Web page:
Mental Health Professionals - Support Resources for Family Members Message

 
From: "Mental Health Professionals - Support Resources for Family Members" <publications@PROTECTED>
Subject: Mental Health Professionals - Support Resources for Family Members Message
Date: December 15th 2017

Avoiding the Winter Blues: Seasonal Affective Disorder

How does the weather affect our mental health?

As the winter months begin, the days become shorter and the weather colder. This means less sunshine and fewer opportunities to spend time outside. Many people find that their mood and energy levels are affected by this change in weather. For some, these seasonal changes have such a dramatic effect on their overall well-being that they may be diagnosed with “seasonal affective disorder,” a type of depression.

Seasonal Affective Disorder

Seasonal affective disorder (SAD), also known as the “winter blues”, is a type of major depressive disorder that occurs seasonally, typically beginning in fall and continuing through the winter months. Although SAD usually occurs in the winter, there is another form that affects people in the summer, which usually begins in the spring. A person is diagnosed with SAD when they have reoccurring depression during the same season for at least two years. About 2-3% of Canadians will experience SAD in their lifetime.

People with SAD typically have unbalanced serotonin levels, a neurotransmitter that is responsible for regulating mood. Weather is a key factor for people who have SAD because the decrease in sunlight during the winter months has been linked to a decrease in serotonin activity, which can cause depression. This change in weather also increases melatonin activity, a hormone that causes sleepiness, lethargy and tiredness – it plays a role in our sleep and wake cycles.

Symptoms of Seasonal Affective Disorder

  • Low energy; feeling tired or lethargic – may have trouble taking on everyday tasks
  • Feelings of sadness or hopelessness
  • Feeling irritable, tense or stressed
  • Change in appetite – may crave sugary or starchy foods
  • Weight gain
  • Changes in sleeping habits – sleeping more than usual or difficulty having restful sleep
  • Uninterested in physical contact
  • Withdrawal from social interactions or activities previously enjoyed

Read more about Seasonal Affective Disorder:

Visit the information page Seasonal Affective Disorder by the Canadian Mental Health Association.

Seasonal Affective Disorder: An Overview of Assessment and Treatment Approaches is an article that provides a detailed explanation of SAD, its symptoms and common treatments.

Don’t be Sad: How to beat seasonal affective disorder offers more information about the disorder and strategies for avoiding the winter blues.

Fraser Health Authority’s article, 10 ways to beat the winter blahs provides an overview on seasonal affective disorder and tips on how to reduce symptoms.

Treatments for Seasonal Affective Disorder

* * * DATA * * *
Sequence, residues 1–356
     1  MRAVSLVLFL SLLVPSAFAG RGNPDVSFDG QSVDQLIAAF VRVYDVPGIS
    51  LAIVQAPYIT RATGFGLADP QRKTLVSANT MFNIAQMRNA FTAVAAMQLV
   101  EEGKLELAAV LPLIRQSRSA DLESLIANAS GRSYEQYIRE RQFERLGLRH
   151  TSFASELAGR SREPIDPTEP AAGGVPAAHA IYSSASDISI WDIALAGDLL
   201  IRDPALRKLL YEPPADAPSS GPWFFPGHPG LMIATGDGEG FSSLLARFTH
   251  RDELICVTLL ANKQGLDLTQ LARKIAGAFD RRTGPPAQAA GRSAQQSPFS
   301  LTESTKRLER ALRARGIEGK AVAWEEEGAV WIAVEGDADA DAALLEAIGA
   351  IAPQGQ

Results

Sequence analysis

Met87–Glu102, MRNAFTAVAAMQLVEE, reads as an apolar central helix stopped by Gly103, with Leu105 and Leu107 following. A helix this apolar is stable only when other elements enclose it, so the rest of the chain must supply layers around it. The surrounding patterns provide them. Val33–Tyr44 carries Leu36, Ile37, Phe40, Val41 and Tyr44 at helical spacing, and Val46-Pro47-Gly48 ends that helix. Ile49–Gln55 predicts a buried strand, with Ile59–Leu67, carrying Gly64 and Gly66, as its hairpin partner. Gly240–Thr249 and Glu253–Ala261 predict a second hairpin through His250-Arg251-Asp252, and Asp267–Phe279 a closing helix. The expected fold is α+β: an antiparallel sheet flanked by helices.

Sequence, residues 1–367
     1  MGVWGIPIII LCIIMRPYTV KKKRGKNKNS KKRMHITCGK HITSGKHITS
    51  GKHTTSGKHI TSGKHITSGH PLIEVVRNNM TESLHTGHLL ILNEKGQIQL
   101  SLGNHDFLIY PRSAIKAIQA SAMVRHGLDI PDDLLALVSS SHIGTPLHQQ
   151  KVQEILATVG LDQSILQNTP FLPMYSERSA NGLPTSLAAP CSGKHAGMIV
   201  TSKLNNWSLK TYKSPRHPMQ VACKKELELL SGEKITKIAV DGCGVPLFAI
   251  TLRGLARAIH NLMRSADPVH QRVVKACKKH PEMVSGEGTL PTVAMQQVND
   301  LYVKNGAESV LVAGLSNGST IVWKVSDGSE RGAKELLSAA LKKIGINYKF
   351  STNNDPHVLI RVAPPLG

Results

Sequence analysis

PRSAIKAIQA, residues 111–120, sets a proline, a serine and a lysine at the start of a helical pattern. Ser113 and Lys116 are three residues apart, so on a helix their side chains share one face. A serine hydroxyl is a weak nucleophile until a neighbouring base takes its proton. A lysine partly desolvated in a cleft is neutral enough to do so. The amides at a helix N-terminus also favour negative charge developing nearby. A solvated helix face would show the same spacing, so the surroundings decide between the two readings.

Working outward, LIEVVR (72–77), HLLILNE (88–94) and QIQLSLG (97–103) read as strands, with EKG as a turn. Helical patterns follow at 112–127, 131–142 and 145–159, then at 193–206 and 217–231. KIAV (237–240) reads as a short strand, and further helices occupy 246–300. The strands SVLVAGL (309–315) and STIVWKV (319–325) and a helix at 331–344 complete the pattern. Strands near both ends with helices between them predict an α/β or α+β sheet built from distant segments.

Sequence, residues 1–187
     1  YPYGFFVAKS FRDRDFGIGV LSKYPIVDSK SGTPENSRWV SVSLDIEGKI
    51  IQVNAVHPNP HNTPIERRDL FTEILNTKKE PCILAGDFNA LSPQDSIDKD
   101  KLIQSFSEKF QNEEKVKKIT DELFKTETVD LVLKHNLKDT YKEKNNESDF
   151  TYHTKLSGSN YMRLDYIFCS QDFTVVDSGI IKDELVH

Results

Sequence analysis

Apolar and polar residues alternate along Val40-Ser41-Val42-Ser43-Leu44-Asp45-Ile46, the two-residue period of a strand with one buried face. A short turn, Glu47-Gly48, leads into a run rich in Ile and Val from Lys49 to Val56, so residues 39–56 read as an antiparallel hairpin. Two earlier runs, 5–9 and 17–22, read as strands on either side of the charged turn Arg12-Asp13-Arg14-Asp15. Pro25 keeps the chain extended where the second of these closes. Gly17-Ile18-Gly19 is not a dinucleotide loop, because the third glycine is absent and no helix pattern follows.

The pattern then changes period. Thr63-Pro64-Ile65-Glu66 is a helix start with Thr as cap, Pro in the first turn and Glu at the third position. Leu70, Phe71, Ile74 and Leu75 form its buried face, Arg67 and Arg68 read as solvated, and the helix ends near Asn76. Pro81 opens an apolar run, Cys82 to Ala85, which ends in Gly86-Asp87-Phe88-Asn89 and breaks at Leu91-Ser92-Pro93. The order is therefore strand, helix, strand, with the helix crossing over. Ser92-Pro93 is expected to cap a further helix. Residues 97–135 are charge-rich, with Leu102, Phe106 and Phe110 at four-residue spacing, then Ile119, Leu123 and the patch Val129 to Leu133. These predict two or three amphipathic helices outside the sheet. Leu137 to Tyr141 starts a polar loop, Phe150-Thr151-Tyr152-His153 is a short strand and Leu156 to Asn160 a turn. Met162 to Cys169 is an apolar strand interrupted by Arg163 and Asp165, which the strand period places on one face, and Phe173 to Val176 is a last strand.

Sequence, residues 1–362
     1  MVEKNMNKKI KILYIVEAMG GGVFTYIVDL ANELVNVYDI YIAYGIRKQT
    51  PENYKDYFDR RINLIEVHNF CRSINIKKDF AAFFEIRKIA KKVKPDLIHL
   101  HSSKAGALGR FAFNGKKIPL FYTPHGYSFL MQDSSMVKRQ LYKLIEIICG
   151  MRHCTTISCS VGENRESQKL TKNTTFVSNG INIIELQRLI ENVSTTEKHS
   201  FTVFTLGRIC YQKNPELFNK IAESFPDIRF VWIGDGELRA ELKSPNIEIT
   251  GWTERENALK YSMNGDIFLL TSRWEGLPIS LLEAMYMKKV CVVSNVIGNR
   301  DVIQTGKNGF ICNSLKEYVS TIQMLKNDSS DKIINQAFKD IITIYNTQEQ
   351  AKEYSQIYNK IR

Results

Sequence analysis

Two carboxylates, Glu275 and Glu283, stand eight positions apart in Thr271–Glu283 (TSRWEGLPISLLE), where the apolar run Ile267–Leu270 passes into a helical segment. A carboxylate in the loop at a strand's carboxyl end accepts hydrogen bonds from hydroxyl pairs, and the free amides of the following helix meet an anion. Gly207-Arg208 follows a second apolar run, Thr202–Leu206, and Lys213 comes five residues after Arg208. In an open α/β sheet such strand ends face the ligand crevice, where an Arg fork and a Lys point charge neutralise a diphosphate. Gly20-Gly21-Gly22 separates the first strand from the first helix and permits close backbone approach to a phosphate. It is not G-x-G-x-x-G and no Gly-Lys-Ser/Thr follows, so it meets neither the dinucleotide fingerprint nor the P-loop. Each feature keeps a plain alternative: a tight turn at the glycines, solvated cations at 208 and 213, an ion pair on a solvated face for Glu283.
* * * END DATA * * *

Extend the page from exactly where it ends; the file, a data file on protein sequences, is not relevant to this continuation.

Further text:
There are several common treatment options for seasonal affective disorder:

  • Light therapy is an effective and relatively easy way to treat seasonal affective disorder. It is thought to reset a person’s sleep and wake cycles, which are often altered with SAD. There are two different types of light therapy: Bright light treatment and dawn simulation. Bright light treatment uses light boxes with light that mimics the sun, but is not as bright; whereas dawn simulation uses a dim light that goes on in the morning and gets brighter over time, mimicking the sunrise. Both of these treatments are typically prescribed for 30 minutes to two hours a day and should be used consistently until the season changes.
  • Antidepressants can be used alone or in combination with light therapy to treat SAD. The most commonly prescribed antidepressants for treating SAD are selective serotonin reuptake inhibitors (SSRIs) like Paxil or Zoloft.
  • Counselling is another treatment option. The most popular counselling treatment for SAD is Cognitive Behavioral Therapy (CBT). The goal of CBT is to help the person breakdown problems and negative patterns by changing their perspective on them.

The Mood Disorders Association of British Columbia is a valuable resource offering support and education for people living with a mood disorder.

Did You Know?

The study Seasonality in Seeking Mental Health Information on Google compared Google search results about mental illness across seasons in the United States and Australia. Results from this study show a higher number of searches seeking information about mental illness during the winter months.

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This list is for mental health professionals who would like to receive information on resources and information available for family members supporting persons with a mental illness, including up to date information on local support groups and event for family members. More resources for continuing education or referral are available at http://www.bcss.org/category/resources/health-professionals/ This resource is developed by the BC Schizophrenia Society. Funding for this project was provided by BC Mental Health and Addiction Services, an agency of PHSA (http://www.heretohelp.bc.ca )

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